So, as I was prepping for my Spring tour, I was reflecting on a lot of cool experiences I had on the road last year.
Here's one that moved me deeply,
I thought I should share.
A little under three years ago, I received a nice e-mail from a budding young songwriter from Washington State named Aaron Huff. He had just wanted to let me know he had mentioned my name in an interview he had done, citing me as one of his musical influences, based on my "sincerity".
I wrote him back an e-mail to express my gratitude, and that was pretty much it. I suppose it was a little unusual for the conversation to end there, but it did. Usually such a chat might end up with a request to do shows together, or my answering questions as a music business "mentor". But he lived in a town I didn't travel to, and besides, he seemed only to want to give me a little compliment.
Nice guy, I thought.
Fast forward to last winter, and I was checking my Facebook, and occasionally, I admit, I am a creeper like the rest of humanity, and I peruse my news feed to see who's having more fun than I am. I stumbled into the words "I'm so sorry" on Aaron's wall, but not written by him. I started digging and discovered he had been in a car accident. A bad one. (an oncoming driver had bent down to pick up a piece of paper and swerved his car across a two lane highway) Aaron hadn't survived. Reading on, I found out his wife was due to have his first child any day. Then I read back to his last living Facebook posts, about how excited he was to be a father. More than excited. It was like he couldn't wait. He had just painted the baby room.
I felt the floor drop from under me.
Do you know that spontaneous feeling of helplessness that claws in your conscience? It doesn't always happen, but once in awhile, your heart goes into 'red alert' status, which only compounds the frustration that there is absolutely nothing you can do to help.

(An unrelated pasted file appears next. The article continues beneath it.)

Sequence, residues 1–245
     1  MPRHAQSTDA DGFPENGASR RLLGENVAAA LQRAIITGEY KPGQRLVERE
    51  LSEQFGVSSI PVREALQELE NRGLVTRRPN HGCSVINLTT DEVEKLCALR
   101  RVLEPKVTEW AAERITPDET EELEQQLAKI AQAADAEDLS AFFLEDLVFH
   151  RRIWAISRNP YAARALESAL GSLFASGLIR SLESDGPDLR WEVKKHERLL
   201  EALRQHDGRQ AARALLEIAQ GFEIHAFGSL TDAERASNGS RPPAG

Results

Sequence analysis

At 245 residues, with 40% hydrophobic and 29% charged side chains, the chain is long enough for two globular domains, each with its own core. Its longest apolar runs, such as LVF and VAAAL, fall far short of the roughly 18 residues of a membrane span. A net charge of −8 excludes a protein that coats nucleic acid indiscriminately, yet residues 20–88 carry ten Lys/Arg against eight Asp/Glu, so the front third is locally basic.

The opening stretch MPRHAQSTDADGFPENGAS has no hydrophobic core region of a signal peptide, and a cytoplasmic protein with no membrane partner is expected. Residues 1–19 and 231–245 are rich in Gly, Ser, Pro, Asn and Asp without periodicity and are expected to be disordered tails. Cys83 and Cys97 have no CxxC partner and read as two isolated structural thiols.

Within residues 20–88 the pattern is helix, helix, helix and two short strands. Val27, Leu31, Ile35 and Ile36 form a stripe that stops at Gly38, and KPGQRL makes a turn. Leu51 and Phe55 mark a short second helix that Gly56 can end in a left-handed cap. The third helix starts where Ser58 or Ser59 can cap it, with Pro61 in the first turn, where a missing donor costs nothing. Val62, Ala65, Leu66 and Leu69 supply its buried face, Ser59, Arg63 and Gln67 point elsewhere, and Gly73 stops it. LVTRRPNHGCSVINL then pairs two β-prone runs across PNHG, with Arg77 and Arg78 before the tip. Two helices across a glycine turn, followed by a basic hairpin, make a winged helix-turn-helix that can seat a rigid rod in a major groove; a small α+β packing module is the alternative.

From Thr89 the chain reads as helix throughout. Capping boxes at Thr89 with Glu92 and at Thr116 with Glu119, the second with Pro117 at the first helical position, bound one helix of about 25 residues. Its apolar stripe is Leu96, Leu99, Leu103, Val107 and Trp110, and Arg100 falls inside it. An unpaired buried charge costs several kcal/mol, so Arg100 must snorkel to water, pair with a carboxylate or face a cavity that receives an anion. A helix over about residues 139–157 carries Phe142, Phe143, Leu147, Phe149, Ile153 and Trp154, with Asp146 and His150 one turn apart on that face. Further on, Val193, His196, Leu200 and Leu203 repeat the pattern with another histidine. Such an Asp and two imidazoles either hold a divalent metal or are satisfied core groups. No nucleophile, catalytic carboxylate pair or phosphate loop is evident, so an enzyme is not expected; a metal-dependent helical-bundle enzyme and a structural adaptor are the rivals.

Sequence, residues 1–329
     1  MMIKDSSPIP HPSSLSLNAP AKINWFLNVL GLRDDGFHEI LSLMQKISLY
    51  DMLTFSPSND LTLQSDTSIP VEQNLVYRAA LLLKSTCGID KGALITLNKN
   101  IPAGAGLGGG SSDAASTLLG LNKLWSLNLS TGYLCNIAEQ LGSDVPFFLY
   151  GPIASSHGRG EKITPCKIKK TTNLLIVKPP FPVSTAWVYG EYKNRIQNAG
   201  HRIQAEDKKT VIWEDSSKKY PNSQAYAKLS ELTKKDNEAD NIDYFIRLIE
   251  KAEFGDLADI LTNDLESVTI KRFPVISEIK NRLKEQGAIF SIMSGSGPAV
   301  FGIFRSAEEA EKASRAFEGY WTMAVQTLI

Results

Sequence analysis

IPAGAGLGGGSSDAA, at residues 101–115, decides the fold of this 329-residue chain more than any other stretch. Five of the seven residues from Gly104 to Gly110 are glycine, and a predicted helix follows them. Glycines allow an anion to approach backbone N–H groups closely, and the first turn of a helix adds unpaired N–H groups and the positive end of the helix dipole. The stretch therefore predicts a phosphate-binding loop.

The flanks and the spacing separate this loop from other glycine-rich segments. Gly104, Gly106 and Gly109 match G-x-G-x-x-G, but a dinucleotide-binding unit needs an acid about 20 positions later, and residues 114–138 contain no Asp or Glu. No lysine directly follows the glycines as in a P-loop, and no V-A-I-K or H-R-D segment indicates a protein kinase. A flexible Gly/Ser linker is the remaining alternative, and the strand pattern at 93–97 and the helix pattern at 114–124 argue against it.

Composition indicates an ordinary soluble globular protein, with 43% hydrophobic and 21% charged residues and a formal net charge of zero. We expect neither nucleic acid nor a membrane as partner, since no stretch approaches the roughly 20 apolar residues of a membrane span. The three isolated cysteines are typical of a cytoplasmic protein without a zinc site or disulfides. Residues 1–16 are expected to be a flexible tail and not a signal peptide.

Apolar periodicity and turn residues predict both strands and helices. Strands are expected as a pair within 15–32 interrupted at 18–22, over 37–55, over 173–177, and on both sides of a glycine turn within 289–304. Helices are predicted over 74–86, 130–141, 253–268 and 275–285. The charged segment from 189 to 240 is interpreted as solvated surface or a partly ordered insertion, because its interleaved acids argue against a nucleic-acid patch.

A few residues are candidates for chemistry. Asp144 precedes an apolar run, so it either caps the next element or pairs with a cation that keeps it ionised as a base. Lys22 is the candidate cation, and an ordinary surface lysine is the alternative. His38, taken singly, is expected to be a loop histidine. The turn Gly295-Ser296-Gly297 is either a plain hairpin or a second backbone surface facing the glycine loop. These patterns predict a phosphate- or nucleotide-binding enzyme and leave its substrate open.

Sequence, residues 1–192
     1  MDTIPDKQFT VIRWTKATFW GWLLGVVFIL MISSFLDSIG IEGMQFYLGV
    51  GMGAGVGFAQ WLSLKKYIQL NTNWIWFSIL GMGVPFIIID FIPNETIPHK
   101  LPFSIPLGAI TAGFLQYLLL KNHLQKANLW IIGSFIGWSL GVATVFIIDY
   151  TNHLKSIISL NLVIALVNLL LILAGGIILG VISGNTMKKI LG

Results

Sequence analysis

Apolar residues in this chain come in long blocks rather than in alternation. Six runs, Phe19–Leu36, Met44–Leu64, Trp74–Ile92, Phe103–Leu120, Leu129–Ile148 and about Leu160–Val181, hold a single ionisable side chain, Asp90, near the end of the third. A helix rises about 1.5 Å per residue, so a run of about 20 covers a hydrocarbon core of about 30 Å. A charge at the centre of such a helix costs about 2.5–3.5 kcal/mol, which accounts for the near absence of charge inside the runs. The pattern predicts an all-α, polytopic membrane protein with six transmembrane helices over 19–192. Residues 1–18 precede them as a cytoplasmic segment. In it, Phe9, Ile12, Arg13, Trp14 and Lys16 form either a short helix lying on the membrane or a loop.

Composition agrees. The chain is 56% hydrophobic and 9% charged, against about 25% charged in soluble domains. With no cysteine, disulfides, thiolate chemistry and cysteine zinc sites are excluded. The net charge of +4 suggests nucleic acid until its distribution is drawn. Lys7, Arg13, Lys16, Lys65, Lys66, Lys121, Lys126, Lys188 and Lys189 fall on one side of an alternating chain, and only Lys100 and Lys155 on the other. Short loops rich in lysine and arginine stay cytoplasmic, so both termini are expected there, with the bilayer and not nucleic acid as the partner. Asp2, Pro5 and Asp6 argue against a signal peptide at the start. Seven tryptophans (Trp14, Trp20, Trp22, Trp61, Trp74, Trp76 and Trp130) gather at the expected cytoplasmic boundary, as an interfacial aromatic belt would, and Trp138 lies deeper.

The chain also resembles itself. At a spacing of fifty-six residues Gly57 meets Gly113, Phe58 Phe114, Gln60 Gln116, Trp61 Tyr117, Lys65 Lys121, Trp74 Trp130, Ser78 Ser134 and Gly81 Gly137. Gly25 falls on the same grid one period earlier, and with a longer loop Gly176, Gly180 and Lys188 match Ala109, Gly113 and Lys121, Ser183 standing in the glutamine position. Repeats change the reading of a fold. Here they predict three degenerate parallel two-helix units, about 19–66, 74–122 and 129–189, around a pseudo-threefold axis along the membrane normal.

Now as a disclaimer, I should say I KNOW I spend too much time thinking about myself, promoting my own name, and I will also admit I have sometimes taken advantage of whatever small amount of prestige a career in music might afford. I never intended to share this story, only because it was intense, personal and all too real. But as months have passed, I see those same emotions as reasons TO share it. It is human.
But please note, I DON'T mean it to be self congratulatory in any way.
With that being said, I immediately decided to reach out to Aaron's wife and immediate family to see if I could set up a tribute concert to him. I would fly myself out to Washington State and back to Boston, on my dime, and play a concert in Aaron's honor.
Then I had second thoughts: Whatever I'd be able to offer might be trivial to them. They've just been through grief's darkest hours and I'm a frivolous musician. Besides, I'm not exactly a Maroon 5, who can just crash any wedding and have every guest shake, cry, smile, high five, etc... I realize no one is accusing me of being a household name. But then I gambled, maybe the illusionary nature of my job would imply just enough fame that my going there to perform might be a happy distraction. A break from grief. I contacted Aaron's wife Melanie, as well as his brother Adam, who were both more receptive to the idea than I expected.
Turns out Adam, like Aaron,was a musician.
It was he who had initially discovered me, and shared my music with his brother. He could even play some of my songs. "Could my band back you up for the concert" he asked? "That sounds brilliant to me! "I replied. Turns out the Huffs are a huge family (Aaron was the 10th of 12 children) very musical, and beautifully close to one another.
So I flew in at the tail end of my Spring tour on May 25, 2014. I played a show in Seattle, then drove to Chewelah, WA, Aaron's hometown.